Attorney General William Barr has staked his ground in the long-running debate over law enforcement access to encrypted communications. Last fall, Barr decried end-to-end encryption as “enabling dangerous criminals to cloak their communications and activities behind an essentially impenetrable digital shield.” As the debate continues, commentators and policymakers often overlook a historical example of the problems with law enforcement access.
Barr’s position is hardly novel. For more than two decades, law enforcement has argued that end-to-end encrypted communications present an extreme public safety risk and that tech companies must build in access in the form of some variation of escrowed keys, backdoors, front doors or exceptional access. During that time, many observers have argued that creating this access for law enforcement would decrease public security, not increase it. There’s a cautionary tale about wiretapping from the 1990s that has bearing on today’s encryption battles.
As new (primarily digital) telephone services emerged in the 1990s, old-style wiretapping couldn’t keep up. The old techniques weren’t equipped to handle new capabilities, such as call forwarding and other “advanced” features. Law enforcement was really worried. Then-FBI Director Louis Freeh called digital telephony “the number one law enforcement, public safety and national security issue facing us today.” After several years of pressing Congress—and an added sweetener for the telecom providers in the form of a half-billion in funds to the service providers for updating switches to accommodate the new requirements—law enforcement got its way with the 1994 passage of the Communications Assistance for Law Enforcement Act (CALEA), which required service providers to build digitally switched telephone networks so that they were “wiretap enabled.” That meant that the phone switches, which connect telephone lines, were to be built in a way that enabled any call to have a silent third party—an eavesdropper—listening in. These “wiretap enabled” networks essentially put a security hole in the middle of a phone switch, creating serious risks. Although computer scientists raised that concern about the legislation, the law ultimately passed.
Nothing was simple about implementing CALEA. There were arguments over lots of different issues: how much surveillance capacity—both wiretaps and pen/traps metadata collection—had to be put into the switches; whether “post-cut-through-digits,” which have prompts that can vary from “press 1 to speak to a receptionist” to “please enter your credit card number now,” were considered content (and thus required a wiretap warrant in order to be collected); and whether location information should be included in information that the telephone companies provided law enforcement. And then there was a debate over funding—the half-billion dollars did not come close to covering the service providers’ expenses. Court battles over various aspects of CALEA implementation went on for more than a decade.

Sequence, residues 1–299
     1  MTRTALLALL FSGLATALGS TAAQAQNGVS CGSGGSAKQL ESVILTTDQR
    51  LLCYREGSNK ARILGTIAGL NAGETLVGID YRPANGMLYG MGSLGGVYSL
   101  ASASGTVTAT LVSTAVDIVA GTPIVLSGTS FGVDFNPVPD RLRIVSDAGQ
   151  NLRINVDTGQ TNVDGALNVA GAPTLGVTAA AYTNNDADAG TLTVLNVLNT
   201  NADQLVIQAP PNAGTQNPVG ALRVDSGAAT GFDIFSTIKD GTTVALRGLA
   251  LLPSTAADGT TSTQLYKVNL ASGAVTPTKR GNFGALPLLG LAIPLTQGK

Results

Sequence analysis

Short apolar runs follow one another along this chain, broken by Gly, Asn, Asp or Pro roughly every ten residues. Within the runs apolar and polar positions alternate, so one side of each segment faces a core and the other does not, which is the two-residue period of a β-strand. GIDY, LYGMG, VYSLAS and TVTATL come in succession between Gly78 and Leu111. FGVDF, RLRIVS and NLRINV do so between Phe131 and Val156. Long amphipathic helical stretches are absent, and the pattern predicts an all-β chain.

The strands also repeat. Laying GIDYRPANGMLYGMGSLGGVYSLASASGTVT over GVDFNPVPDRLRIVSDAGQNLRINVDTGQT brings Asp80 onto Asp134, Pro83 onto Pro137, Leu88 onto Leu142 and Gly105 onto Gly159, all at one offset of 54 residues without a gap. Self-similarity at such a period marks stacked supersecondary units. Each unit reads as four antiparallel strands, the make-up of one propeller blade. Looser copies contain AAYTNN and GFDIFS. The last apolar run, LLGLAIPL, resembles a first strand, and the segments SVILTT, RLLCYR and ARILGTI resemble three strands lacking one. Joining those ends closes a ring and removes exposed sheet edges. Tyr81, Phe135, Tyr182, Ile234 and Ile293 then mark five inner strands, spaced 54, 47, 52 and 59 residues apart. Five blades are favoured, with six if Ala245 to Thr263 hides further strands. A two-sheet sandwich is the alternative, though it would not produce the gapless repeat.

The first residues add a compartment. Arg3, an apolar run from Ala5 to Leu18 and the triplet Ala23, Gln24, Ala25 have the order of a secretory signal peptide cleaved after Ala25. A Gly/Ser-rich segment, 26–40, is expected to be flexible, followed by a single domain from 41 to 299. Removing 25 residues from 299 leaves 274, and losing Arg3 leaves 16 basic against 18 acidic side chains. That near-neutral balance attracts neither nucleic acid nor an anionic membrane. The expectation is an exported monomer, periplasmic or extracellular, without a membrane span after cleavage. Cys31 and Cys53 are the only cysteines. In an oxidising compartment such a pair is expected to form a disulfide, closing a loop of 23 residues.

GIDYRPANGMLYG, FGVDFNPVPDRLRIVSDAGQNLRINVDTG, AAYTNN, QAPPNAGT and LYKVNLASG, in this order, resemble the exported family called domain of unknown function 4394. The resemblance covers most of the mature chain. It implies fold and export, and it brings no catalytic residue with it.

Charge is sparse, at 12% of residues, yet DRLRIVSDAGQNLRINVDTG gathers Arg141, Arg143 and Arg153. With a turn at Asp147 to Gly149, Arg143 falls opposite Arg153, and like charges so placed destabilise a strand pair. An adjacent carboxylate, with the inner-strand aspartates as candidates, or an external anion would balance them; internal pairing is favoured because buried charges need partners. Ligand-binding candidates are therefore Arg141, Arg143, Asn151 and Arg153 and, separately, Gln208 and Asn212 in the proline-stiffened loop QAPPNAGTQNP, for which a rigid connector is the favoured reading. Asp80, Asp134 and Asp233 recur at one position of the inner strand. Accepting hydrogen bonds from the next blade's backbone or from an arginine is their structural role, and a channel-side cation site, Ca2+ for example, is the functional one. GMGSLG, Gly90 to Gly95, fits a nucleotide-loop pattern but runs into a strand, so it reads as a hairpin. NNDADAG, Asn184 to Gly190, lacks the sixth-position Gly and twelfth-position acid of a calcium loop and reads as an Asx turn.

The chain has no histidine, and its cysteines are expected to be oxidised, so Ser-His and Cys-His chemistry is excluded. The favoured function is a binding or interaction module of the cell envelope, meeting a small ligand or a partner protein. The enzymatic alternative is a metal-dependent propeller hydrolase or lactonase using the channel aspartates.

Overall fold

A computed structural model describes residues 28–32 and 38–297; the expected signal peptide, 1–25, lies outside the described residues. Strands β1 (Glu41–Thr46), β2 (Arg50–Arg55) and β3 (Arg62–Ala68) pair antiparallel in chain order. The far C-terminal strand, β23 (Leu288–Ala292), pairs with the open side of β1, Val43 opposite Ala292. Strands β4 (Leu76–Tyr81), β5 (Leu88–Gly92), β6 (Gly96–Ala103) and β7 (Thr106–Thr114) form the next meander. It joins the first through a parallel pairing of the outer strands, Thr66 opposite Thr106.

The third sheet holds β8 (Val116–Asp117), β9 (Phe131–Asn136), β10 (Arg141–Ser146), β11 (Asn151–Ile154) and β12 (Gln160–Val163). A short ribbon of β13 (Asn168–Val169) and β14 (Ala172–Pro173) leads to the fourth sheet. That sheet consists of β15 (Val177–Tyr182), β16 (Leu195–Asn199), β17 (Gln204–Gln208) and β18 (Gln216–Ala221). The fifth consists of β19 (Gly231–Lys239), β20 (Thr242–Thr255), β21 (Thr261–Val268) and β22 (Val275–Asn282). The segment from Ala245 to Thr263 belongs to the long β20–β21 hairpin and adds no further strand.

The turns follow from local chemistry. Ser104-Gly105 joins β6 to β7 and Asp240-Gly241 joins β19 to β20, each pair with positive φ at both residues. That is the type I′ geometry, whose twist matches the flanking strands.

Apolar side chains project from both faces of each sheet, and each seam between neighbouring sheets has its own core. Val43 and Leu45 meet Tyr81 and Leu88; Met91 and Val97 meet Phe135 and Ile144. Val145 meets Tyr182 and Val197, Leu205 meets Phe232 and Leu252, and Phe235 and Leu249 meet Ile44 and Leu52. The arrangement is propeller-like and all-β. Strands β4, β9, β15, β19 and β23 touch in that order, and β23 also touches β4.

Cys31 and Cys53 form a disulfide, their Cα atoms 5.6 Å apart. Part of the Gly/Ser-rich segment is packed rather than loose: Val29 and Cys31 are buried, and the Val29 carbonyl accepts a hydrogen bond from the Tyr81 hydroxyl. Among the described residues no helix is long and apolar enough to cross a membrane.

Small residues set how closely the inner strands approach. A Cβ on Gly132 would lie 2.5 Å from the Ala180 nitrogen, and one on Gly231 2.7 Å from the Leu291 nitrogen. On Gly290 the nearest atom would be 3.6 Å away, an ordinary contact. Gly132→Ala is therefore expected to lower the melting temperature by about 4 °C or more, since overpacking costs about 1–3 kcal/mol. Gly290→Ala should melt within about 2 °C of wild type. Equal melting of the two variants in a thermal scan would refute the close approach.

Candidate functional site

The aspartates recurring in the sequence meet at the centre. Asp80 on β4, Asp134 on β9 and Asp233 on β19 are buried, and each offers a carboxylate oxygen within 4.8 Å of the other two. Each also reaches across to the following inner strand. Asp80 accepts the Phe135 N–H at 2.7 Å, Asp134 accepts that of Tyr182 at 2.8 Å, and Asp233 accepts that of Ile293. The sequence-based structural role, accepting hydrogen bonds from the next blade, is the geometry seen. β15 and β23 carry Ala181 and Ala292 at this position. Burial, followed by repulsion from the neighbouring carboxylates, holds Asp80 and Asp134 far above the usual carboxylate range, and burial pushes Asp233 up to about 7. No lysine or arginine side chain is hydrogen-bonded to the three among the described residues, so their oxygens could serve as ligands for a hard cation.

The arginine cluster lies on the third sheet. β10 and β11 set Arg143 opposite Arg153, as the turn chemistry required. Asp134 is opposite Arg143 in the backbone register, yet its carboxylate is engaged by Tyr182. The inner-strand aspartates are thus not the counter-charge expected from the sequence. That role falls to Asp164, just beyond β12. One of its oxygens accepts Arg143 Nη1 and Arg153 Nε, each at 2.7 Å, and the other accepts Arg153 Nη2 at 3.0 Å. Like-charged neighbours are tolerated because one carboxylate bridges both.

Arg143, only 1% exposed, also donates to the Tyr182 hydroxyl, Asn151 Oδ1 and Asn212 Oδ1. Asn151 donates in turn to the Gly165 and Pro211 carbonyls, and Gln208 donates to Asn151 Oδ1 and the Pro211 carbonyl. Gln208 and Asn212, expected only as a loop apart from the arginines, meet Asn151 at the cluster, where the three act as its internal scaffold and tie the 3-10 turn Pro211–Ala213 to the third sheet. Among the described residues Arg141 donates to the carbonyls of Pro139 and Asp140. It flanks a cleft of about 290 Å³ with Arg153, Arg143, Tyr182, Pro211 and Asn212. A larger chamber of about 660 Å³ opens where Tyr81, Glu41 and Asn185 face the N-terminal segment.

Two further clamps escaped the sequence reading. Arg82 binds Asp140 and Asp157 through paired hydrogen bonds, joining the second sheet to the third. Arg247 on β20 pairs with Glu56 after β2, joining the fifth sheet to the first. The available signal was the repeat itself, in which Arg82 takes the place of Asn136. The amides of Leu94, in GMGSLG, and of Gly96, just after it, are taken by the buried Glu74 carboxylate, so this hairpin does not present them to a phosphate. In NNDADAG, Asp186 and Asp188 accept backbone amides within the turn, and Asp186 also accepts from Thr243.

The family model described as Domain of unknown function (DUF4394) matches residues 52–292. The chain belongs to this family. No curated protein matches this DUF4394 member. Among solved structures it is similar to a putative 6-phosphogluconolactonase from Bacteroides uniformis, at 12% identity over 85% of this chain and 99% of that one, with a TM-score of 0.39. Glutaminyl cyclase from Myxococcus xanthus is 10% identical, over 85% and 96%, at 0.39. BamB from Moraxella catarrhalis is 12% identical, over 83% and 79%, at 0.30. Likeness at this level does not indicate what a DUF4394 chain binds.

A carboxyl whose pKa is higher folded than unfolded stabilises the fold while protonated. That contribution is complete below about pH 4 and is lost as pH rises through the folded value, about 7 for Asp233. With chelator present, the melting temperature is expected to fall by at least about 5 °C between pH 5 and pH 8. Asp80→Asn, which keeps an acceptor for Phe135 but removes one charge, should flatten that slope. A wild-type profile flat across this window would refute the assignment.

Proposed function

But fights over implementation were not CALEA’s most serious problem. Building a wiretapping interface for law enforcement into a telephone switch did, as predicted, enable others to listen in. The most well-known occurrence of this phenomenon is the Greek wiretapping case of 2004-2005. Unknown parties wiretapped the cellphones of 100 senior members of the Greek government for a period of 10 months using the law enforcement interface of an Ericsson phone switch built for Greek Telecom. The law enforcement wiretapping interface was built according to European Telecommunications Standards Institute (ETSI) specifications, which were modeled on the CALEA requirements. In another example, IBM researcher Tom Cross showed in 2010 that Cisco specifications for an IP network wiretapping architecture based on the ETSI standards had major security holes. Cross demonstrated that various service providers had implemented a flawed architecture and allowed unauthorized people to intercept communications.
Security problems were not limited to Europe. In 2011, Dickie George, the former technical director of the National Security Agency’s Information Assurance Division, told me that his agency had “found security problems with the CALEA-compliant implementation on every single switch submitted for testing.” In other words, required wiretapping capabilities built for law enforcement were insecure, and others, including nefarious actors, could potentially access them. And then, just this month, the Wall Street Journal reported that U.S. officials are now telling our allies that “Huawei Technologies Co. can covertly access mobile-phone networks around the world through ‘back doors’ designed for use by law enforcement.” Why were those backdoors put in? They are what is legally required by CALEA and the European laws based on the U.S. law.
Fast forward to today. Law enforcement’s line on encryption is that surely the smart people in Silicon Valley can figure out how to build systems that enable law enforcement, backed up with a court order, to access encrypted communications and encrypted data on phones. In reality, such surveillance systems are not easy to build—and not easy to build securely. If the CALEA story reveals anything, it shows that when companies build in backdoors, hackers, nation-states and criminals will come. That’s not the cybersecurity, national security or public safety solution we need.